Hot off the press: ‘The Italian Party’


by Christina Lynch

St. Martin’s Press 
March 20, 2018
Hardcover, 336 pages, $25.99
Ebook, $12.99


What’s black and white and read all over Three Rivers? The new novel The Italian Party by local resident Christina Lynch, of  course.
The book dropped Tuesday, March 20, and is available at booksellers in-store and online  nationwide. The novelist will hit the road next week for a book tour that will take her throughout California and points east for the next several weeks.
Chris has lived in Three Rivers since 2004. She was raised in Chicago, where she graduated from Lane Tech, a selective college-prep  high school.
In 1986, she graduated from Harvard University with a bachelor’s degree in English. At  the conclusion of her Ivy League education, off she went to New York where she became immersed in the fashion industry, writing for W and Women’s Wear Daily magazines.
A year later, Chris was transferred to Italy as a fashion correspondent although she had never been to that country before and didn’t know a single word of Italian. But she soon fell in love with the Italian culture, living and working there for seven years.
She arrived back in the States in 1994, landing on the West Coast this time. She worked as a television writer,  working  on shows such as Dead Zone, Wildfire, and Unhappily Ever After.
In June 2013, Chris completed her master of fine arts degree. These days, she is a professor at College of the Sequoias where she teaches English. (See Chris’s “People You Should Know” profile in the March 23 print edition or eEdition.)
Chris wrote two novels previously with coauthor Meg Howrey under the pen name Magnus Flyte: City of Dark Magic, a New York Times bestseller, and the sequel, City of Lost Dreams. (
The Italian Party checks all the boxes: romance, mystery, deceit, political intrigue, action and adventure, historical fiction. In addition, it vibrantly describes Italy’s Tuscany region, the historic city of Siena, the food, and the culture.
The Italian language is sprinkled on the pages like parmesan, and each chapter begins with a different contrada (a neighborhood within the city of Siena), along with the English translation and the contrada’s motto.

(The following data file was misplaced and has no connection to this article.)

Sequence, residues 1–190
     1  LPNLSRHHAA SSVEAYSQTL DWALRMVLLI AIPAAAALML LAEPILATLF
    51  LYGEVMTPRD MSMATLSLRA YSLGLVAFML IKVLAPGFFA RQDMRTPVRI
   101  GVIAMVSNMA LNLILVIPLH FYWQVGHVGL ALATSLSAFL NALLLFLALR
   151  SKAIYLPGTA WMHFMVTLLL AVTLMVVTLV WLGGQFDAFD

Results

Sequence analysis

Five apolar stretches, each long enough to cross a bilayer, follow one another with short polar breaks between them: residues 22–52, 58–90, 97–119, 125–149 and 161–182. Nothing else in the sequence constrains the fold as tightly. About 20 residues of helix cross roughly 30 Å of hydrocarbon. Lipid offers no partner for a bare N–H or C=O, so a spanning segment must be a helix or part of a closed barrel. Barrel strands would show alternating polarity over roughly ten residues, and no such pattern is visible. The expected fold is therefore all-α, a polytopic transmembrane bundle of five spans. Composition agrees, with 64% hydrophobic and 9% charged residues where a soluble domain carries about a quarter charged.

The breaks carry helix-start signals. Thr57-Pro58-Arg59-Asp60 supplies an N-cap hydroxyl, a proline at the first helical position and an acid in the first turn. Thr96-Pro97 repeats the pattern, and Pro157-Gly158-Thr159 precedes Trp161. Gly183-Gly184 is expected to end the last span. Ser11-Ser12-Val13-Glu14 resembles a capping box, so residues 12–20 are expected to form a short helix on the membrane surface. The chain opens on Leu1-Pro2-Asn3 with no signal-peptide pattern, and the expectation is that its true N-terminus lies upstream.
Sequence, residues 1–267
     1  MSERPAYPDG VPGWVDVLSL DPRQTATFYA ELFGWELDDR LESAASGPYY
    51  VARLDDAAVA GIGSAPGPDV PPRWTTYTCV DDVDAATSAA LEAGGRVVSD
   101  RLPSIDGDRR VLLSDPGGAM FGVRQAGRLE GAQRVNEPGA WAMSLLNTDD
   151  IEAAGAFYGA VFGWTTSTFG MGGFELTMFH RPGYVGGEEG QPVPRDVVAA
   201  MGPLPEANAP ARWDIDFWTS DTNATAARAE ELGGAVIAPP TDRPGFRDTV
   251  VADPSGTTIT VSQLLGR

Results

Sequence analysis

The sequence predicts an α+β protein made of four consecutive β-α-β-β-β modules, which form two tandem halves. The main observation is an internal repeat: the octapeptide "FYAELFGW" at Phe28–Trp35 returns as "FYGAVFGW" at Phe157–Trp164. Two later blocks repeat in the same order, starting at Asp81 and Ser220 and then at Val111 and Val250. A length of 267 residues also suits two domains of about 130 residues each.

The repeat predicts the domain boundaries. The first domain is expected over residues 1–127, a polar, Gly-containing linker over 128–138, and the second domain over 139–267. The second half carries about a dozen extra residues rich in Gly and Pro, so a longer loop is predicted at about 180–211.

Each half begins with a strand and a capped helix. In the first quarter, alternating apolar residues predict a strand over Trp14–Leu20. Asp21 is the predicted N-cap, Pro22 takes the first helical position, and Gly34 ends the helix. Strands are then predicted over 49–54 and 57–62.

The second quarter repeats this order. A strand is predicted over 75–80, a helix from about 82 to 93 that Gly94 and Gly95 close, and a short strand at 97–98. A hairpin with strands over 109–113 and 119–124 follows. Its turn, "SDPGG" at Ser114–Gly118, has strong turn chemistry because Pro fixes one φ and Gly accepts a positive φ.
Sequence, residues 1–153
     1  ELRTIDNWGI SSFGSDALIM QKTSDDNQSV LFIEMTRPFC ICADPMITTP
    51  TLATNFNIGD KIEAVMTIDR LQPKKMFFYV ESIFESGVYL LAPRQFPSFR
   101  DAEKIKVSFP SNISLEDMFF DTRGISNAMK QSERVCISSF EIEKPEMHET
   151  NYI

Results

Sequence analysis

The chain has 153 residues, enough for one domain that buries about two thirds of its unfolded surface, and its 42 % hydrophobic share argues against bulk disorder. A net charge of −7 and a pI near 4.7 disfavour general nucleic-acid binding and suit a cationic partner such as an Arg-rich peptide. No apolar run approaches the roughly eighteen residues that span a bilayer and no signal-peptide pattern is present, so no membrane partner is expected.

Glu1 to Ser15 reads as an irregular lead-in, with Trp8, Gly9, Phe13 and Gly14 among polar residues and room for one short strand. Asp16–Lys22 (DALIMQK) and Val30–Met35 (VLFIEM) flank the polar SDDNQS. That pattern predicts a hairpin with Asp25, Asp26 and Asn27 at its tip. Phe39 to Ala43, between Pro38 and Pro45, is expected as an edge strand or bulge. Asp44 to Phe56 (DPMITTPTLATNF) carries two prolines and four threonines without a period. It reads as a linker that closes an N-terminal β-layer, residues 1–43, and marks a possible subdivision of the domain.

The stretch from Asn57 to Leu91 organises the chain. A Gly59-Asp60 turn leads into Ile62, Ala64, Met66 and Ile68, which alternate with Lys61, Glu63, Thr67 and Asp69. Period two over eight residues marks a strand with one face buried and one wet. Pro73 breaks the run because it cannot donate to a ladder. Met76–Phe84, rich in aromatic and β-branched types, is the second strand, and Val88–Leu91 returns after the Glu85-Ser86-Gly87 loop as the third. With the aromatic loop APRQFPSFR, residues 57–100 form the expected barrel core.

Here, Chris answers questions about the book and explains her writing process: 
Your book is set in Siena in the Tuscany region of Italy and through your descriptions it is easy to visualize this beautiful area and the Italian culture. What is your history with Siena and why did you make this city the setting of your novel?
Christina Lynch: I lived in Italy for seven years in the late 1980s to early 1990s, and part of that time was spent working at a country inn halfway between Florence and Siena. I rode my horse all over that countryside, and I’ve always loved Siena, so when I was deciding what to write about, I picked somewhere I’d want to “go” every day. 
Did you realize when you were living and working in Italy that you were on a literary pilgrimage?
CL: I think so, but it took me a long time to get enough distance from Italy to write about it. A few years ago I tried to write a memoir about my time there, but I’m just not a memoirist. 
Horses have a role in this story. Is it true that a writer tends to write about what they love? 
Horses have a role in this story. Is it true that a writer tends to write about what they love? 
CL: I can’t speak for all writers, but I definitely like to write about things I love. If I’m going to take time away from hiking or riding to write, then I want to be writing about something I enjoy. The horse in the novel is based on a real horse named Camelia I owned in Italy. She was a difficult horse, but I loved her very much. She lived to a ripe old age at a gorgeous villa — the kind of retirement we all dream of.
Are any of the characters based on real-life people? How did you select the names for your characters?
CL: Camelia is the only character from real life. Everyone else is completely made up. Scottie is a name I’ve always liked — F. Scott Fitzgerald’s daughter was Scottie, and my mother had a friend named Scotty. Some of the names came from a list of residents of a little village who served in World War II that I happened to take a picture of.
Why 1956? And since you weren’t born yet (so never experienced 1956 personally, but there are people alive who did), did that take some extra research to get all the details just right?
CL: I was interested in American influence in Italy, and 1956 was a watershed year. The U.S. government was alarmed by the growing interest in communism in Italy in the late 1940s and 1950s, and was taking steps to try to prevent Italy from electing a communist government. Two events bookended that year — Kruschev denounced Stalin, which was a big deal and seemed like it might lead to a thaw in the Cold War, but then in the fall the Soviets crushed the Hungarian uprising. I wanted to write about the uncertainty of that summer in between. I did a lot of research to try to get the details right; I looked at magazines and newspapers from the era, and read a lot of books both from the American and Italian points of view. 
Italian words and phrases are sprinkled onto the pages. Are you fluent in Italian?
CL: I was, but in terms of speaking I’ve lost a lot of it now that I’ve been away for so long. I can still read Italian and I pretty much understand everything if it isn’t too technical.
In The Italian Party, the U.S. is doing some meddling in elections. That’s an interesting parallel to what is happening in current events today. Was this planned?